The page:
Home Economy Lebanese dollar reserves recover from last year’s crisis

Lebanese dollar reserves recover from last year’s crisis

An employee shows Lebanese money at an exchange office in Beirut, Wednesday, Nov. 8, 2017. (The Daily Star/Mohammad Azakir)

The Lebanese central bank’s dollar reserves grew in early 2018, recovering from a decline during a political crisis last year that pushed up interest rates, its governor said on Tuesday.

Reserves climbed by $1.4 billion in the first two months of the year and total assets in dollars exceeded $43 billion, Governor Riad Salameh said at an economic conference in Beirut.

“With the rise of interest rates and the return of political issues to normal, the dollar reserves at the central bank rose,” he said.

November’s political crisis was triggered by the sudden resignation of Prime Minister Saad al-Hariri during a trip to Saudi Arabia, before he returned to the country and resumed his role.

The crisis raised questions about Lebanon’s economic stability and put pressure on the Lebanese pound’s peg to the dollar.

Lebanon has one of the world’s most indebted governments measured against the size of its economy. Growth has been slowed by war in neighbouring Syria and years of internal political disputes.

The economy relies on the confidence of millions of expatriate Lebanese who deposit into local banks. The banks buy government debt, which finances the expanding budget deficit and debt.

The International Monetary Fund last month strongly criticised Lebanon’s unsustainable debt trajectory and said there was an “urgent need” for government policy to stabilise and then reduce public debt as a share of gross domestic product.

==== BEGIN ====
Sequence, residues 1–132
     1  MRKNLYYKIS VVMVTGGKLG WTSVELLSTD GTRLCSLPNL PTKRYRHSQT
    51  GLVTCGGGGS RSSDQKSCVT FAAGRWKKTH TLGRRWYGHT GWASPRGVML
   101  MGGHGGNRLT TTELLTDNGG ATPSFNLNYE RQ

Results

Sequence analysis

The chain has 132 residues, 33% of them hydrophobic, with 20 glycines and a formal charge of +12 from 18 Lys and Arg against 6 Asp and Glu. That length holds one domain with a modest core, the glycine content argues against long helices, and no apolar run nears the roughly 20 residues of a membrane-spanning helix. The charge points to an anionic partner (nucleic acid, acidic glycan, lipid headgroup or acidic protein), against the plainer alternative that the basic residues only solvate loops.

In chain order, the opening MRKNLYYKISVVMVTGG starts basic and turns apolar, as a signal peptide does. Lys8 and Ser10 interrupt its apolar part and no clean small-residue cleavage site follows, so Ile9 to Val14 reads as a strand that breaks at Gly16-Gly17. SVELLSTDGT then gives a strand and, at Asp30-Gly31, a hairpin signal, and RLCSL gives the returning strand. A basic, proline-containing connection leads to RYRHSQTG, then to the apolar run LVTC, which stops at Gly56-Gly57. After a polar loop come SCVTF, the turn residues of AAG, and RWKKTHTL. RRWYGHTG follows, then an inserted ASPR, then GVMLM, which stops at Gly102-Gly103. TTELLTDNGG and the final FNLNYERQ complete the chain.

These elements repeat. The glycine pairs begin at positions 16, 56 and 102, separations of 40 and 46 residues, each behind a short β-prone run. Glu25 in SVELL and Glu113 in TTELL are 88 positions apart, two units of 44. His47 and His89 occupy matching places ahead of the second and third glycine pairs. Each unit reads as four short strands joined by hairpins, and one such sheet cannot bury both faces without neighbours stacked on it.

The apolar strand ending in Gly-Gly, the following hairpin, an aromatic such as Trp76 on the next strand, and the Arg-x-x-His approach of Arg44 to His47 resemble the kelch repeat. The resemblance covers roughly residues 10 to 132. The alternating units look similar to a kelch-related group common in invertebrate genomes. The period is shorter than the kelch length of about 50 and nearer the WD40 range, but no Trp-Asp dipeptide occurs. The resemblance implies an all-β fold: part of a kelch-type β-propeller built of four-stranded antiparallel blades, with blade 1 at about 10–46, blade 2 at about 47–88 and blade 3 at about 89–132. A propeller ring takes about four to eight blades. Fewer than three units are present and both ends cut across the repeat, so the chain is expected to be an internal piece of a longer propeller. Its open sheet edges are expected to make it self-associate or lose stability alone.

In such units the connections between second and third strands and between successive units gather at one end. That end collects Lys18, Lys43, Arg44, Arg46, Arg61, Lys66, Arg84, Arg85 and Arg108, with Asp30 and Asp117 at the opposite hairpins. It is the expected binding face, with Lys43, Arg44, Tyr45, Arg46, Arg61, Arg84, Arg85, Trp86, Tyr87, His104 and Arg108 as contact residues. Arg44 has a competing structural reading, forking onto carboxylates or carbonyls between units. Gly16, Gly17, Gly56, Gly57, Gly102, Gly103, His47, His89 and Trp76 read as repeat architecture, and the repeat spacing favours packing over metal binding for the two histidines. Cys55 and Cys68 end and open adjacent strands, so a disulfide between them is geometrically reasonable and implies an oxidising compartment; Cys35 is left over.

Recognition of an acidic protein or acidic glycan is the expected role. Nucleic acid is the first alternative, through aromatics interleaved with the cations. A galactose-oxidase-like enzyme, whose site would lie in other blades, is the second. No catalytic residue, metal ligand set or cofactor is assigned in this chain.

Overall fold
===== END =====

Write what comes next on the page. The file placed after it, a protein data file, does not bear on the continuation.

Hoping to stimulate its economy, Lebanon this year is seeking up to $16 billion in infrastructure investment from international donors who hope to ward off more Middle East instability, in a country that hosts more than a million Syrian refugees.

“It is no secret that the economic situation in Lebanon today is difficult and that we face big challenges,” Hariri told the conference.

“Growth rates are low, unemployment rates have exceeded 30 per cent, poverty rates are increasing, the balance of payments suffers a deficit, public debt is rising at a rapid rate and has exceeded $80 billion and the treasury deficit has reached unsustainable levels,” he added.

During November’s turmoil, some Lebanese rushed for dollars; data shows central bank foreign assets fell by $1.6 billion that month.

Salameh told Reuters on the conference’s sidelines that November’s increase in local currency interest rates of around 2 percentage points — a result of the political crisis — had been enough to iron out market imbalances, “therefore we have an outlook of stable interest rates”.

The government passed a state budget last year for the first time since 2005 and has pledged to agree a 2018 budget before April 6, when France will host a donor conference to support Lebanon.

Tuesday’s conference, organised by Lebanese business magazine Al-Iktissad Wal-Aamal in cooperation with Hariri’s office, was a roadshow for Lebanon’s infrastructure investment plans ahead of April’s Paris conference.

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